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Wed, 05 Oct 2022
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Health & Wellness


Studies find stable sleep patterns and regular routines may improve outcomes in bipolar disorder

Bipolar disorder, commonly known as manic-depressive disorder, is highly influenced by the circadian system - the body's internal clock - and a specific kind of psychotherapy may help decrease irregularities in the circadian system that can trigger key symptoms of bipolar disorder, according to a study presented today at the American College of Neuropsychopharmacology (ACNP) annual meeting. The results are important because they show for the first time that psychotherapy which focuses on practical lifestyle changes can ease the symptoms of bipolar disorder. Every year nearly six million American adults suffer from bipolar disorder, a brain disorder which causes severe shifts in mood, energy, and ability to function, according to the National Institute of Mental Health.

Maintaining a consistent sleep schedule and wake time can help balance the circadian system, which in turn can help people avoid nighttime sleeplessness or daytime exhaustion, which can increase the risk of new episodes of mania or depression. "Having already found that disruption in daily routines can make individuals with bipolar disorder vulnerable to new episodes of illness, we have now learned that working with patients to achieve and maintain regular social rhythms - including regular sleep patterns and adequate physical activity - will help to protect them against episodes of mania or depression," says Ellen Frank, Ph.D., clinical psychologist and professor of psychiatry and psychology at the University of Pittsburgh School of Medicine.


UK: Drug addicts used as organ donors

A serious shortage of organs means transplant surgeons are being forced to use body parts from drug addicts.

Between 2002 and 2007 some 450 organs came from donors with a history of drug abuse, which may affect the quality of the organ and raise infection risks.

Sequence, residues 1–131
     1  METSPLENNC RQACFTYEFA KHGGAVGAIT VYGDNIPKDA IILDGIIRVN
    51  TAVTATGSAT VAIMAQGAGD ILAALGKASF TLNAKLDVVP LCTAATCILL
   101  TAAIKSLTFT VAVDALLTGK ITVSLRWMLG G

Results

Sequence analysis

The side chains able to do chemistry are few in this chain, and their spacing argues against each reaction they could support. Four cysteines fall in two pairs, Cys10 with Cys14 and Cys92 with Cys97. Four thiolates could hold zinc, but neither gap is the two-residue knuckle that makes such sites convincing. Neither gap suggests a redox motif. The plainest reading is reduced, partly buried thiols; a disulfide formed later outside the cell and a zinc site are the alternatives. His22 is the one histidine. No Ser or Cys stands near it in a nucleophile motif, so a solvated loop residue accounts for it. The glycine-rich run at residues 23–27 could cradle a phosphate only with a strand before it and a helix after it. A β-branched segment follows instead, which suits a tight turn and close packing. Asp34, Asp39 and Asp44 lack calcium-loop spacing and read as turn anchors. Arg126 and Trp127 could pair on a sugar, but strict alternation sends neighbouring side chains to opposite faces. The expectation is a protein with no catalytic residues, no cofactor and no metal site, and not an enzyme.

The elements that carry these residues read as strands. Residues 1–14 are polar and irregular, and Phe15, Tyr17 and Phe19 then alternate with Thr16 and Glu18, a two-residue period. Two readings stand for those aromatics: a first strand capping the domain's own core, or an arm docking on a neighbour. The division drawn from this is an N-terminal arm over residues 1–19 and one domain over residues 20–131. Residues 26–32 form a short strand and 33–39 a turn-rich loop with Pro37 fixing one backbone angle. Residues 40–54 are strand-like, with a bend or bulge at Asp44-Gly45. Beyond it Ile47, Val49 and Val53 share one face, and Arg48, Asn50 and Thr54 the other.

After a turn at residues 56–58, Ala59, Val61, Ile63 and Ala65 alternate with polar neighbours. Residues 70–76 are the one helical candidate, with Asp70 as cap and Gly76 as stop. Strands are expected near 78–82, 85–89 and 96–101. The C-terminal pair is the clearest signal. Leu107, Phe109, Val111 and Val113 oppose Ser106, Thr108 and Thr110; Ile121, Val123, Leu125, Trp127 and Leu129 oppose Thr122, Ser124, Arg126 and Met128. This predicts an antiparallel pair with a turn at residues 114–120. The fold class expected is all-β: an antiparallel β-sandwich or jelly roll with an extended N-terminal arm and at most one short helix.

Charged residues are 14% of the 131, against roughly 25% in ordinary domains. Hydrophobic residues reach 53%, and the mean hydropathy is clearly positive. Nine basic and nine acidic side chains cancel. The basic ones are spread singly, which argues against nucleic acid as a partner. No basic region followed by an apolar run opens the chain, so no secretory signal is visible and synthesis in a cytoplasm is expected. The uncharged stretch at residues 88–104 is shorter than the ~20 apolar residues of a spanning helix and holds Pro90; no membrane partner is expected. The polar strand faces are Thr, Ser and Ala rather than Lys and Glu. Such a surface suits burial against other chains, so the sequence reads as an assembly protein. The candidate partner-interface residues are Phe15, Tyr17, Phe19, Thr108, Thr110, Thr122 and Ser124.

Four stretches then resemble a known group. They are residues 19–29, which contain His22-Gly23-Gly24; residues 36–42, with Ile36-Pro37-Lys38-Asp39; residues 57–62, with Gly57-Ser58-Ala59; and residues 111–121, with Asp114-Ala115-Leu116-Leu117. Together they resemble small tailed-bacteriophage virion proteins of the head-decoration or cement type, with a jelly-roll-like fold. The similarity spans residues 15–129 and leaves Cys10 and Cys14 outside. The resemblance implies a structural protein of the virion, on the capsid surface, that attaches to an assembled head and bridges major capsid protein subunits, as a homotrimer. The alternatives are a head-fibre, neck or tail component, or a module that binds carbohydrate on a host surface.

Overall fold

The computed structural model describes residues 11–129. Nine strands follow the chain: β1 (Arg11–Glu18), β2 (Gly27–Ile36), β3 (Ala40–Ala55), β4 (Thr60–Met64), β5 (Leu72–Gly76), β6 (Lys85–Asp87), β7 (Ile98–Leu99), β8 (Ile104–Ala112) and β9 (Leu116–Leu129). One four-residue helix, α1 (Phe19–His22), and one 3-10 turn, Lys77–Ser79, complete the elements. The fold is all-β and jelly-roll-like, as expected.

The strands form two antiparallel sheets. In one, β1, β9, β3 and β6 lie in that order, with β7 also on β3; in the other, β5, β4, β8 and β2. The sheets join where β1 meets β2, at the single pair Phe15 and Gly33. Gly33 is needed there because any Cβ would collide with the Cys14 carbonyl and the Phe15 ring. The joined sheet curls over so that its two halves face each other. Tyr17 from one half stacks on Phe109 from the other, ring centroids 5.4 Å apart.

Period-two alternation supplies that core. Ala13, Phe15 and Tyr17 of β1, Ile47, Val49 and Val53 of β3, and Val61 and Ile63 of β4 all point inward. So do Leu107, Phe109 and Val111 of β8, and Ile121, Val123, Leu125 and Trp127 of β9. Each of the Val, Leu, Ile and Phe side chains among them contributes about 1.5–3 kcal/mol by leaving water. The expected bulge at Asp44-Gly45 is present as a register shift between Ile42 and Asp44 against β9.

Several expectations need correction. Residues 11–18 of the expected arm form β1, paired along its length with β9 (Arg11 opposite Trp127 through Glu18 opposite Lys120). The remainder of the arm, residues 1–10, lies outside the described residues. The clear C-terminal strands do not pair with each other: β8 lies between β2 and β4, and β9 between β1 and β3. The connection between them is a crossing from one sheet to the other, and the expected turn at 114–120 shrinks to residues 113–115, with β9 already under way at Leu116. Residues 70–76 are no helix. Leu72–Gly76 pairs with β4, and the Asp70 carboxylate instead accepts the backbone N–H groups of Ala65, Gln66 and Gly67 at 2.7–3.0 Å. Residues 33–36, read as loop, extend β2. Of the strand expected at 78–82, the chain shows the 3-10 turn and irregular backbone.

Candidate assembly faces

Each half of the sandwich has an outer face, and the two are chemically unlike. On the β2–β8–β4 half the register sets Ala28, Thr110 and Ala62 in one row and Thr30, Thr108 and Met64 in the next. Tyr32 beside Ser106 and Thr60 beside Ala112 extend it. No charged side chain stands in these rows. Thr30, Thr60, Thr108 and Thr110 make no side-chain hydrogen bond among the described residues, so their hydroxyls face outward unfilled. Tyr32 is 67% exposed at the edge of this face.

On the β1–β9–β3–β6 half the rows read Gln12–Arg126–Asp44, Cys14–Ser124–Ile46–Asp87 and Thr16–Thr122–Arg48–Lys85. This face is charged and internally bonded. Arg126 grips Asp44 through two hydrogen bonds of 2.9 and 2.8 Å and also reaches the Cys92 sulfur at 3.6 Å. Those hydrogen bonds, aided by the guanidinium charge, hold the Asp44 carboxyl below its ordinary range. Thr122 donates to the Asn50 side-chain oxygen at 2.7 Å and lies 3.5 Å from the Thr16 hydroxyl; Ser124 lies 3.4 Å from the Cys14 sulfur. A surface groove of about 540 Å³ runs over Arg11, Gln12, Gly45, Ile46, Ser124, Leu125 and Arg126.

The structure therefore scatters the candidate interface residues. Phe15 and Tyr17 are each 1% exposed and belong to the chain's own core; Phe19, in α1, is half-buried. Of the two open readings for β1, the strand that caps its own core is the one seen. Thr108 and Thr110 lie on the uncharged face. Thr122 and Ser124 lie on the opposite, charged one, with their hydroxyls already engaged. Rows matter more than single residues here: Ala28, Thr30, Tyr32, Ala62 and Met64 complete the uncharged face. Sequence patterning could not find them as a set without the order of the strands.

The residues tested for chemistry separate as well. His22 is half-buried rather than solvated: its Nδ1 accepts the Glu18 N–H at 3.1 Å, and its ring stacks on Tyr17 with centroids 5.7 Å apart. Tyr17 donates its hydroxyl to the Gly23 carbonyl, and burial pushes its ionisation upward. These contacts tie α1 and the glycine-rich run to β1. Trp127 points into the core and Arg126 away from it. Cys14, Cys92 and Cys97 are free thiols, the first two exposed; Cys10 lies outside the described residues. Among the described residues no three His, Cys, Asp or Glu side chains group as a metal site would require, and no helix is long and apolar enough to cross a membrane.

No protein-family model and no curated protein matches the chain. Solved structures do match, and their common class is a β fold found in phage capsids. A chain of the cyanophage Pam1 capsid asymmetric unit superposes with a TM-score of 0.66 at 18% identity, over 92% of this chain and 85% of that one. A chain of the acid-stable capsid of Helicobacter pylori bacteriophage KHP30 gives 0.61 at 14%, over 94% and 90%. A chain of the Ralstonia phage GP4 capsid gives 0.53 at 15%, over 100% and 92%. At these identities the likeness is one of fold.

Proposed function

The lack of viable organs is due in part to the fact that fewer healthy people are dying in car accidents, when organs can often be retrieved intact.


Why People With Schizophrenia Have Lower Rates Of Cancer: New Clues

A series of studies presented December 8 at the American College of Neuropsychopharmacology (ACNP) annual meeting elucidates evidence that there is a genetic link between schizophrenia and cancer, providing a surprising possible scientific explanation for lower rates of cancer among patients with schizophrenia -- despite having poor diets and high rates of smoking -- and their parents.


Neurons in the frontal lobe may be responsible for rational decision-making

You study the menu at a restaurant and decide to order the steak rather than the salmon. But when the waiter tells you about the lobster special, you decide lobster trumps steak. Without reconsidering the salmon, you place your order - all because of a trait called "transitivity."

"Transitivity is the hallmark of rational economic choice," says Camillo Padoa-Schioppa, a postdoctoral researcher in HMS Professor of Neurobiology John Assad's lab. According to transitivity, if you prefer A to B and B to C, then you ought to prefer A to C. Or, if you prefer lobster to steak, and steak to salmon, then you will prefer lobster to salmon.